HCM is the # 1 Killer of Indoor Adult Cats. Although some veterinary and pet health articles provide lists of cat breeds with HCM (hypertrophic cardiomyopathy), even going so far as to state these breed are the only cat affected by HCM, in reality HCM occurs in every single cat breed, including non-pedigreed household pets. In fact, HCM is the #1 killer of any indoor adult cat (an outdoor cat is more likely to die a violent death or from an infection).
Fortunately, HCM in Siberian cats who are not inbred is relatively rare.
Why is inbreeding so dangerous? Inbreeding collects together similar traits. This is beneficial in terms of getting cats to resemble each other ("set type"), but is a negative practice in terms of maintaining the genetic diversity necessary in a healthy breed. When genetic diversity is decreased, the chances of a cat "collecting" a set of disease producing genes is increased.
HCM is a genetic disease that is dominant with incomplete expression. Inbreeding is especially dangerous for a disease like HCM, a disease that is genetic in cause, is dominant (if the cat inherits the gene it has the disease), but is incomplete in expression (the severity and time of expression of the disease varies widely). This leads us to believe that there are co-inherited genes that either mitigate or exaggerate the effects of the HCM gene.
Restricting one's breeding program to maintain consistency in looks reduces genetic vitality. By selecting for certain visual traits for the show wins, and ignoring the need to include genetic diversity in one’s lines, the resultant reduction in genetic variation makes it more likely that any diseases inherited will be expressed, often severely . This is not an issue restricted to one country, or any one breed. Instead, it is related to teh cumulative effects of each individual breeder's practice in selecting healthy, genetically unrelated diverse cats for breeding.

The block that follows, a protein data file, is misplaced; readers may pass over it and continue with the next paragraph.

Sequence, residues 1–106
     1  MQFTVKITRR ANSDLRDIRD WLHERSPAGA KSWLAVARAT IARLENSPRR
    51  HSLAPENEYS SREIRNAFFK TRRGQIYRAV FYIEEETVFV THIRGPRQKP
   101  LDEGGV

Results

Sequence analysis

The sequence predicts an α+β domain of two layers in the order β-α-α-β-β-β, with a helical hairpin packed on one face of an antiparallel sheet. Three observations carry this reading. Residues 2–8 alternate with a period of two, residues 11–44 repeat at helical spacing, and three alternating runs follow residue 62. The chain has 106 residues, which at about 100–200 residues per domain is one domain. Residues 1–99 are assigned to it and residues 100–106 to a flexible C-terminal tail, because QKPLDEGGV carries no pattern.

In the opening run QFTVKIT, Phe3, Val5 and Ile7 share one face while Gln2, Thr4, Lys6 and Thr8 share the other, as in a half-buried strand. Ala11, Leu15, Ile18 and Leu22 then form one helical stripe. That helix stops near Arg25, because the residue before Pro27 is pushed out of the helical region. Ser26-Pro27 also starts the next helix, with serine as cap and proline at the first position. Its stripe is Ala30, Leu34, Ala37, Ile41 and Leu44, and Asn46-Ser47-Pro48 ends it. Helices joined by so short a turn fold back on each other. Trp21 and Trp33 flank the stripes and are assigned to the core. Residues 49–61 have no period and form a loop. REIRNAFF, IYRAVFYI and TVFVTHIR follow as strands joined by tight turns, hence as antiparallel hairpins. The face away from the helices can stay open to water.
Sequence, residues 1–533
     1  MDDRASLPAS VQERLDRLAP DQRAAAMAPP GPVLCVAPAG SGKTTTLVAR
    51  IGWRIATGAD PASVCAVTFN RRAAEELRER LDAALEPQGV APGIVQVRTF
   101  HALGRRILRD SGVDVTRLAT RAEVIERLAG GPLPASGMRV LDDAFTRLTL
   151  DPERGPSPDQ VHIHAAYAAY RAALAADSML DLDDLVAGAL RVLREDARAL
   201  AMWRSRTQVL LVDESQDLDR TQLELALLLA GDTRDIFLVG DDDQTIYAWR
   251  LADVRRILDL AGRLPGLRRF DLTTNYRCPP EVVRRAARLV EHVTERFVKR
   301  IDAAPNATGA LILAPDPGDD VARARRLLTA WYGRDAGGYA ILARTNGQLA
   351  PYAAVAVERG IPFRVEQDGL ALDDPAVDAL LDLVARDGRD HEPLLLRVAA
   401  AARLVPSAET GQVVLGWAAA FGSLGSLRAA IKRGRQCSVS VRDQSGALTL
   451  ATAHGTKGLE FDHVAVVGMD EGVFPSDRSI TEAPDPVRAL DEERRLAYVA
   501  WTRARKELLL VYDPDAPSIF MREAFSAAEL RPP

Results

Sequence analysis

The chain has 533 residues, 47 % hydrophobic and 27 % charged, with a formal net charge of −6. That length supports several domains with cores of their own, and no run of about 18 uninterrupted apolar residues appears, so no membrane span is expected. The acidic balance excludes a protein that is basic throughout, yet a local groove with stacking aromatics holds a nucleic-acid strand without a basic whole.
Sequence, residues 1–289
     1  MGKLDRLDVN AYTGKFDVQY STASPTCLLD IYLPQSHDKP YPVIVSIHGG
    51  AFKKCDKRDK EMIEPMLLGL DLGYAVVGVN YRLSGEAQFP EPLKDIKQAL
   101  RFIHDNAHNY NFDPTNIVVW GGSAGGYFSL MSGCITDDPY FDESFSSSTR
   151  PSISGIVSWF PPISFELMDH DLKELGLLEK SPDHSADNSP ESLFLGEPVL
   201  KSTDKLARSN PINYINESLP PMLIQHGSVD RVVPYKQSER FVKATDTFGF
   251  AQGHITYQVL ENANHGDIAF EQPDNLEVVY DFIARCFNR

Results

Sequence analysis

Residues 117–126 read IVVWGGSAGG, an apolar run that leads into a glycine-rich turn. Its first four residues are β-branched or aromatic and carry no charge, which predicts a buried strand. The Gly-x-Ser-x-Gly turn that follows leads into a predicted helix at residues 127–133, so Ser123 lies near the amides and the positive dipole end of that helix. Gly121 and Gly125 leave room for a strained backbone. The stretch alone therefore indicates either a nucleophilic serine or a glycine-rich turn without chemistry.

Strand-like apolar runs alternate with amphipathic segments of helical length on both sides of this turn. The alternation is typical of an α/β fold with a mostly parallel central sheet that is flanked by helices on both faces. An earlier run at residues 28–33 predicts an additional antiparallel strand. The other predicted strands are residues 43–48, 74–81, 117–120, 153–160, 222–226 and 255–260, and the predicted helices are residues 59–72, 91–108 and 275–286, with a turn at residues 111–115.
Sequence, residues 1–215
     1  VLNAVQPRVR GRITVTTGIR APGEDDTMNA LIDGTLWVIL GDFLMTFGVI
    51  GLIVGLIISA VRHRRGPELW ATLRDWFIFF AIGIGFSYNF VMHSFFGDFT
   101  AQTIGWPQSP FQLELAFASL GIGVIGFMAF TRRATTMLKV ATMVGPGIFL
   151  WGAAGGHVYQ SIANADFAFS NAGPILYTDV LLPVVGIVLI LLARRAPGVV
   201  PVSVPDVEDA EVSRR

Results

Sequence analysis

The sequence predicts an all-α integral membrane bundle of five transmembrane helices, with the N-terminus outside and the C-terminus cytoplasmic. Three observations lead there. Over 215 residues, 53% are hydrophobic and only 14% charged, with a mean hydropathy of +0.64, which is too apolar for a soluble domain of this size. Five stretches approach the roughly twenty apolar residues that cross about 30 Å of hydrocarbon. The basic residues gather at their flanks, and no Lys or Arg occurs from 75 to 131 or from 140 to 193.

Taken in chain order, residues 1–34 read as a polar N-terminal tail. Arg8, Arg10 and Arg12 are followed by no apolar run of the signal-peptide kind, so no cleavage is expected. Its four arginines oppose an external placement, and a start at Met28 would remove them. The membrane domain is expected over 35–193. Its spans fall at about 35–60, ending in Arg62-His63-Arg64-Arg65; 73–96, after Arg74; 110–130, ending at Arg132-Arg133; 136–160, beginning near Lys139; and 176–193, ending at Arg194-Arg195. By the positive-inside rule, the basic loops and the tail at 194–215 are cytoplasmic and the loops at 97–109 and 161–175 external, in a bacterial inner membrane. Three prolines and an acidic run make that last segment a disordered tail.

It's more expensive and difficult to breed ethically. Breeders who make this ethical - but more difficult, expensive, and time consuming - choice to select and breed from unrelated or lightly related cats combined with a health testing program designed to remove affected cats from breeding, will produce healthier and better tempered cats. Cats much less likely to have inherited and to die from HCM.
Hypertrophic Cardiomyopathy in Cats
What is Hypertrophic Cardiomyopathy (HCM)?
It is the most common cause of heart disease in cats, and the most frequent cause of spontaneous death in indoor adult cats. In cats with this condition, the walls of the ventricles become thick. However, because the muscle fibers are replaced by fibrous connective tissue (scar tissue), the thicker heart walls do not translate into increased pumping power. In fact, the heart is actually weakened as the affected wall of the heart becomes less elastic and the heart chambers get smaller.
Congestive heart failure occurs frequently in cats with hypertrophic cardiomyopathy. Typically, the left side of the heart is more involved than the right, so the signs of hypertrophic cardiomyopathy are those of left-sided congestive heart failure. Signs of left-sided congestive heart failure are: